Robeco launches its Global FinTech Equities fund
Dutch Asset management company Robeco has announced the launch of its new fund, Robeco Global FinTech Equities, that will look to invest in firms that benefit from the increasing digitisation of the global financial industry.
The Manager of Robeco New World Financial Equities, Patrick Lemmens will act as the Portfolio Manager of the fund, alongside Jeroen van Oerle, who stands as a member of Robeco’s Trends Investing team.
“I strongly believe that digital finance will open the way to 2 billion people who currently don’t manage their financial affairs, and that on-line payment methods will become mainstream, while cash becomes the exception. With the launch of this fund, we enable investors to gain exposure to and profit from the trend of increasing digitization.”
The fund will be diversified across the FinTech industry, with investments in both proven firms and startups in an attempt to ensure against risk elements.
The Trends Investing team manages approximately €3.2bn, giving some indication as to the amount of funding that will be available.
New FTC Chair Lina Khan to Break Big Tech's Hold on Economy
Formerly a legal activist and academic, Lina Khan is now in control of one of the most powerful jobs in the country. The U.S. Federal Trade Commission, or FTC, ensures that companies don’t artificially raise prices on consumers and that big companies abide by fair trade practices—and Khan has just been confirmed as the commission’s chair.
Right now, the FTC is highly focused on breaking up Big Tech, and Khan is by far one of the most vocal critics of Silicon Valley. Many tech leaders, in fact, see Khan as a threat to the companies they’ve worked decades to build. Ron Knox, a senior researcher at the Institute for Local Self-Reliance, summed it up. ‘Lina understands the vast potential of the FTC to really reshape the economy, de-concentrate markets, and democratise major parts of the economy’.
What Are Khan’s Views on Big Tech?
Good question. Many lawmakers have compared Big Tech to the railroads that crossed the United States in the 19th century—companies so large and powerful that the government eventually passed the nation’s first anti-trust laws. But Khan’s view is a little more complex. In it, she argues that the laws that applied in the past are virtually inapplicable today.
In a 2017 Yale Law Journal article titled ‘Amazon’s Anti-Trust Paradox’, Khan concluded that federal commissions should look at more than just price. In the 1900s, huge railroads could increase prices as much as they wished; today, Google and Facebook are essentially free for their users. But that doesn’t mean they’re engaging in free and fair competition. Despite the price, these companies still undercut their competitors.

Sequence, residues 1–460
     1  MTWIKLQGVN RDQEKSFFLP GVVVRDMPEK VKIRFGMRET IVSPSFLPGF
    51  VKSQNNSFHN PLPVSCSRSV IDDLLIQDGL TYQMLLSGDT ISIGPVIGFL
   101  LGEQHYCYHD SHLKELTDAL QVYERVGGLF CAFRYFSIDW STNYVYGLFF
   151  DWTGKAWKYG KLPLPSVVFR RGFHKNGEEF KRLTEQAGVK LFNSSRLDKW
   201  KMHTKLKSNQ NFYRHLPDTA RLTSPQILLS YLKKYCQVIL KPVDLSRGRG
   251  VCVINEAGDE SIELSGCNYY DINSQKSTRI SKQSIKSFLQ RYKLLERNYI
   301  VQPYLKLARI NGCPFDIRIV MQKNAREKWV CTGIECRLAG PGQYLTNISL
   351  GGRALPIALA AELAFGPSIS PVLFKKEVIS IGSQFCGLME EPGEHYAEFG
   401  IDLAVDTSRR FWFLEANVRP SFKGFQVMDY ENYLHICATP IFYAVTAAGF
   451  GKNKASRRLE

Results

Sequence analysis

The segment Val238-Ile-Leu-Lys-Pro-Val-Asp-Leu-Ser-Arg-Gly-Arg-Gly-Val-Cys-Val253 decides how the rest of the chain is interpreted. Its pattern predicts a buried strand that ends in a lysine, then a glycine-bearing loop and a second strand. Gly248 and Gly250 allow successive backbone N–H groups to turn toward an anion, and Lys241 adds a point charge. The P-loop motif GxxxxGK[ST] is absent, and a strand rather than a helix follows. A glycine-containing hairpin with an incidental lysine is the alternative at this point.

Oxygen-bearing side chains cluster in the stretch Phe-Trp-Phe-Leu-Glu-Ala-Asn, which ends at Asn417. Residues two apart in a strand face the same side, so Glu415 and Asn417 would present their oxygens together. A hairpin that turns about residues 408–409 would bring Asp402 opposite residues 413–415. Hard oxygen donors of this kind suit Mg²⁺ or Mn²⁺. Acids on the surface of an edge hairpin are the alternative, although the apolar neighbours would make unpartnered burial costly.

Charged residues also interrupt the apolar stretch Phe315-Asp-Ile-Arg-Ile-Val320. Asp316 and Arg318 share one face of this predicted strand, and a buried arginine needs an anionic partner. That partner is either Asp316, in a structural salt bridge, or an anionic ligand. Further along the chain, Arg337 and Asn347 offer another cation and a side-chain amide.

For example, consider some of Amazon’s alleged business operations:
- Pricing at a significant loss. Unfair competition.
- Amassing vast stores of market data. Unfair advantage.
- Buying up smaller, potentially competitive companies. Unfair trade practices.
Just like the railroad trusts all those years ago, several Democrats have suggested that Facebook and Google be split up. Instagram, say goodbye to Facebook; YouTube, say goodbye to Google. ‘These firms essentially provide infrastructure to the digital age’, Khan told the BBC. What remains to be seen is what she’ll do about it.
The First Steps…
Currently, the FTC is suing Facebook for its social network monopoly and will soon evaluate Amazon as well. Biden is fully intent on breaking apart the firms that have ruled much of the American public for so long—and he has bipartisan support. So it’s no surprise that tech organisations are riled up.
‘Antitrust populism is inevitably going to become the governmental policy stance’, said Aurelien Portuese, the Director of Anti-Trust and Innovation Policy at the Information Technology and Innovation Foundation. ‘ [It will] cause lasting self-inflicted damage that benefits foreign, less meritorious rivals’.
But in 2021, tech companies may be on the losing side of public sentiment. Both Republicans and Democrats in the Senate have taken a highly aggressive anti-trust approach, and even intense trade and technology competition with China can’t stop lawmakers from investigating Big Tech. The majority, in fact, may agree with Khan’s sentiment: ‘Even when services are good for consumers, they can hurt a whole set of other interests—be it workers, business formation, or democracy at large’.